Charitable Donations Rules on Your Taxes for 2013

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charitable donations and taxes
The Holiday Season is the time of compassion and giving, sharing with those less fortunate. Many of you will claim those donations on your tax returns, so do them right. Here’s a general overview of what to be prepared for.

Charitable donations rules:

  • Clothing and Household items – clothing that’s donated has to be in “good used condition or better” in order to be tax-deductible; the same applies to household goods. This rule does not have to be met if a qualified appraisal in included with tax return. If your donation exceeds $250, request a written acknowledgment with as many details of donated goods as feasible.
  • Money – to claim a monetary donation you must present a written statement from the charity or a bank statement confirming your donation. This rule applies to any amount donated. Contributions made with credit cards should also display a name of a charity, date of donation and amount.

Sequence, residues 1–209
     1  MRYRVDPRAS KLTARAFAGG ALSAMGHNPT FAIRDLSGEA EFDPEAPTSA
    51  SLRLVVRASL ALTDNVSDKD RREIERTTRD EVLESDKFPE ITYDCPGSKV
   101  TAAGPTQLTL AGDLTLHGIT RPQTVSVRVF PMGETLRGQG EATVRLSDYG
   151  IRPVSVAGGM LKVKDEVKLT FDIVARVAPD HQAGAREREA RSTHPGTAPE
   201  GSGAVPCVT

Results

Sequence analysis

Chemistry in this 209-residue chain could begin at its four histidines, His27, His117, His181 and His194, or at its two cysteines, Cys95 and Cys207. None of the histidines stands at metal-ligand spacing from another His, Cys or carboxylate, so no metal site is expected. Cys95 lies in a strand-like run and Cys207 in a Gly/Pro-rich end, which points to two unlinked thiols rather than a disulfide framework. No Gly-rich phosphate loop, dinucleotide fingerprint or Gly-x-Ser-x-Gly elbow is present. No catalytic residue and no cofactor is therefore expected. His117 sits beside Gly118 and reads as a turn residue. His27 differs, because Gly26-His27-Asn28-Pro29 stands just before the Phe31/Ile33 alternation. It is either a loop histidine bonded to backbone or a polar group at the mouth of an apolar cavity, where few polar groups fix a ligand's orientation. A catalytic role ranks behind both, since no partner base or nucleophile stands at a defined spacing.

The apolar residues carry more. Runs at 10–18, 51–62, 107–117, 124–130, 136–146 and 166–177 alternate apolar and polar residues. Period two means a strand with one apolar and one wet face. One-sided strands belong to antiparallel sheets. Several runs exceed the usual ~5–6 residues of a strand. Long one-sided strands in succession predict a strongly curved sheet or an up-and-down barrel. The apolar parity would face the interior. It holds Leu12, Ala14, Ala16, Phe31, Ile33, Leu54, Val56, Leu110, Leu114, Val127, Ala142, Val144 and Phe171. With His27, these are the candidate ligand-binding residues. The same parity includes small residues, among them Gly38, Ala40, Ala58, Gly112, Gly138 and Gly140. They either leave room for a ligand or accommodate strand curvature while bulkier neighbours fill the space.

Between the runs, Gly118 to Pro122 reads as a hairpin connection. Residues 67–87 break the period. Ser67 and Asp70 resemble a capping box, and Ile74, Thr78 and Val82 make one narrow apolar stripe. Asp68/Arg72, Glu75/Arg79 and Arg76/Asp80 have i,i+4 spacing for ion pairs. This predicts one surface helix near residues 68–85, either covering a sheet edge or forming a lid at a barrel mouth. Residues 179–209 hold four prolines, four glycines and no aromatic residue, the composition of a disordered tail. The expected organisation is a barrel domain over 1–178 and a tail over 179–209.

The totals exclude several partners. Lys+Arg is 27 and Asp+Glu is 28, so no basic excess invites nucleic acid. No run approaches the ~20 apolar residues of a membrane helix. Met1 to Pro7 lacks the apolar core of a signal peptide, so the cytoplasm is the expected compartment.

• Credit card orders – You can deduct your charitable gifts made with a credit card in the year you made the donation. If you contribute in 2013 but don’t receive a credit card statement until January 2014, the donation applies to 2013 tax filing regardless when you actually paid your credit obligations.
  • Don’t assume that every donation you make is tax exempt. It’s important that a charity of your choice qualifies for that status. Typically churches, religious, and government organizations are eligible; for other type of institutions (disaster relief, etc) you may refer to Exempt Organizations Select Check created by the IRS to remove any doubt.

There are also donations you cannot deduct. Some of them include: individuals or nonqualified organizations, donations that will generate you a profit, value of your time or personal expenses. Broader discussion of nondeductible contributions is included in Publication 526.

What happens if you overstate charitable donations?

Inflating the value of your donations has a simple outcome, a penalty. It is either 20% or 40% of the amount your underpaid your taxes as a cause of overstating your donations and it depends on the overall underpayment amount and value claimed on your tax return as expressed in percentage terms.

Make sure you keep a very good record of your donations. This is just as important as any other tax related documents you have. The worst thing you can do is to show generosity and then be unable to prove it, which will impact you significantly in case of an audit.

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